Oh brilliant. I produce a post trying to explain in non-mathematical terms the equivalence of government debt and interest-bearing money in a fiat money regime. And I immediately get hammered for - variously - writing about the "money tree", playing accounting tricks instead of doing real economics, and inventing a scenario where no-one ever has to pay taxes and governments just print endless amounts of money. How on earth my critics managed to deduce that lot from my post I don't know, but I will at least address the last of these, which is the only serious point. I was awfully tempted to ask my "economics" critic to define "real economics".....
Anyway. let me explain. No, I did not, and do not, suggest that governments can just print money ad infinitum to meet their spending obligations. And no, I did not, and do not, suggest that no-one needs to pay taxes. On the contrary.
Taxes are ESSENTIAL in a fiat currency regime. The value of the currency - and of the associated debt (since interest-bearing government debt is simply a stream of future private sector money claims) - depends on the government's ability to tax its population. If it can't then fiat currency is worthless - and by extension, so is debt. Which is why every recorded example of hyperinflation (when fiat currency becomes worthless) is associated with severely dysfunctional government, social chaos and - often - regime change, usually following a severe POLITICAL shock such as losing a war. A dysfunctional government can't tax its population: a traumatised and angry population can't be taxed. Hyperinflation is primarily a political phenomenon.
Those of you who were hoping that my endorsement of money issuance as a means of meeting government spending commitments meant that I was coming round to the idea of higher spending commitments unsupported by additional production and/or taxation are going to be disappointed, I'm afraid. I haven't converted to your cause. I stand exactly where I did before - increased government spending must support, or be supported by, increased production in the real economy, OR it must be supported by higher taxes - which must be subject to democratic approval. If it is supported neither by increased production nor higher taxes, then it will be unsustainable however it is funded.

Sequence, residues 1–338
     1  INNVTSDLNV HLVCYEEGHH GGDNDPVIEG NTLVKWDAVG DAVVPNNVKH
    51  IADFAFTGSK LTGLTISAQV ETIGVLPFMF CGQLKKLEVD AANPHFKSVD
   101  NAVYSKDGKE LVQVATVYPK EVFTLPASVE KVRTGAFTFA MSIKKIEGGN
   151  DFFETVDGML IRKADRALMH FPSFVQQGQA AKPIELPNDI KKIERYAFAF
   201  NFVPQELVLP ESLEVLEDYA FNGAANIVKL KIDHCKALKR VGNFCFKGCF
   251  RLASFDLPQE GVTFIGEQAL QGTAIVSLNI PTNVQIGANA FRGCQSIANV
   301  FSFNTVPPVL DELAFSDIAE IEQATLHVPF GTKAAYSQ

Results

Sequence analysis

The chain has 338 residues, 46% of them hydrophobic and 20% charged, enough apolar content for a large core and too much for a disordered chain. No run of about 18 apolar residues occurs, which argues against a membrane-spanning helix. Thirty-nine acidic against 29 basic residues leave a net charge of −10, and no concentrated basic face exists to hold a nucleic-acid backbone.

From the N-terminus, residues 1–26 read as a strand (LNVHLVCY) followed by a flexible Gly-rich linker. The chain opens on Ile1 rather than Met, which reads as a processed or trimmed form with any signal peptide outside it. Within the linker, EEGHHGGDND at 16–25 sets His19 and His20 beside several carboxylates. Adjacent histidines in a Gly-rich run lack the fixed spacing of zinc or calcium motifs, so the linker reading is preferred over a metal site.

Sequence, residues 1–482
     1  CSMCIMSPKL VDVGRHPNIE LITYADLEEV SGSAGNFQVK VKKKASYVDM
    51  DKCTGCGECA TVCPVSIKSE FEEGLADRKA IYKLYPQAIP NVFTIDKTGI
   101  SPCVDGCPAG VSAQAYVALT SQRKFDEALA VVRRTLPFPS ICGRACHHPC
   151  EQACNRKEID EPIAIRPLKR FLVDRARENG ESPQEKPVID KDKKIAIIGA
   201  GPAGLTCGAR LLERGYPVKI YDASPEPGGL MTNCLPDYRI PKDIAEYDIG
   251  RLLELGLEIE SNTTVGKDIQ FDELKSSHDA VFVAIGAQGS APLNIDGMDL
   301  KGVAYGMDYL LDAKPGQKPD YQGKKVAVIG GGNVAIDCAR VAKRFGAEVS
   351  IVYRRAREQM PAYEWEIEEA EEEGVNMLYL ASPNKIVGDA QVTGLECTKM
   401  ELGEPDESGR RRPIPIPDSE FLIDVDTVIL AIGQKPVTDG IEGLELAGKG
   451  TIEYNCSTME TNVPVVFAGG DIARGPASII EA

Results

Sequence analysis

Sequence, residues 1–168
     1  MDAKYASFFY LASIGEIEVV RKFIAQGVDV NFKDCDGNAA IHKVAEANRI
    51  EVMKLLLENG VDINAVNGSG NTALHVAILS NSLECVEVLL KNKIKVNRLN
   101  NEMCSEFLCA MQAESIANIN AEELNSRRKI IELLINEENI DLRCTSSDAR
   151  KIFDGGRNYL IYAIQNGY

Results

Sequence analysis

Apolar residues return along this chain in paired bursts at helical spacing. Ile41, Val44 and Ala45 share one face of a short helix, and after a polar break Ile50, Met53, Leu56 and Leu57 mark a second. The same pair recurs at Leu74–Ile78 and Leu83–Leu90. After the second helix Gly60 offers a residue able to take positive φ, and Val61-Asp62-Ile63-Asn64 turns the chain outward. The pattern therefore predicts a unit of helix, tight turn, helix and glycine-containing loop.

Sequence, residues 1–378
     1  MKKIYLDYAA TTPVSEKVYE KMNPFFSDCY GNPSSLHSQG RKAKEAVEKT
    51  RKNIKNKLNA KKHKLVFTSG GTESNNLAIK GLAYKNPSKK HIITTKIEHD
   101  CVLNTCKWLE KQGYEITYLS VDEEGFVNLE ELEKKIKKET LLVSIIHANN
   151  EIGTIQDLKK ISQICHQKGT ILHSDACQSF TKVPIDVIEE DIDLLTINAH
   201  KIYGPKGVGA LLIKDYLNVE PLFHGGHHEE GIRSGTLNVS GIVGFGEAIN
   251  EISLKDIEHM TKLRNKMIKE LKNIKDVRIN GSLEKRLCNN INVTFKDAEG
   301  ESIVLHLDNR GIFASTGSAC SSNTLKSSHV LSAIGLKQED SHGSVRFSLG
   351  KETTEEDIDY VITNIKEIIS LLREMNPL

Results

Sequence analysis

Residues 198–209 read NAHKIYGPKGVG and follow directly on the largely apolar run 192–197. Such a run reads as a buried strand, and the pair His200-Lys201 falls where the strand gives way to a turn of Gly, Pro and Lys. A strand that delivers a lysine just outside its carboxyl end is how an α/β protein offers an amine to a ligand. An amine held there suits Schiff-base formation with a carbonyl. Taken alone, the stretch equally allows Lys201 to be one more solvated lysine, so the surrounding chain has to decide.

The same fiscal discipline needs to be applied whether governments choose to meet their spending commitments by creating money or issuing debt. THERE IS NO DIFFERENCE. Money printing is NOT an opportunity to do things that you couldn't do if you had to borrow the money. The horror we have of money printing arises from those few times in history when governments have met spending commitments by printing money without the necessary fiscal discipline, and the result has been inflation. Someone asked me whether Zimbabwe's behaviour undermined my argument that governments can meet their spending commitments through money issuance without it being inflationary. But my argument was that RESPONSIBLE governments can meet their spending commitments through money issuance, just as RESPONSIBLE governments can meet their spending commitments through debt issuance. Zimbabwe had an irresponsible, inept and malicious government that was hell-bent on trashing the only significant industry - agriculture - to further its political ends. It couldn't raise money through debt issuance, because no-one in their right minds would lend to it, so it printed the money instead. How this undermines my argument is a mystery to me.
So money printing is not a free lunch. There is a catch, which is that it has to be supported by production and taxation. Just like debt.
What is really depressing is that the post wasn't even about money issuance. It was about the role of debt in a fiat money regime, and the importance of government acting as a savings bank for its citizens. Somehow that got lost in all the money printing hysteria.
I hope this is all nicely clear now.
Related post: Government debt isn't what you think it is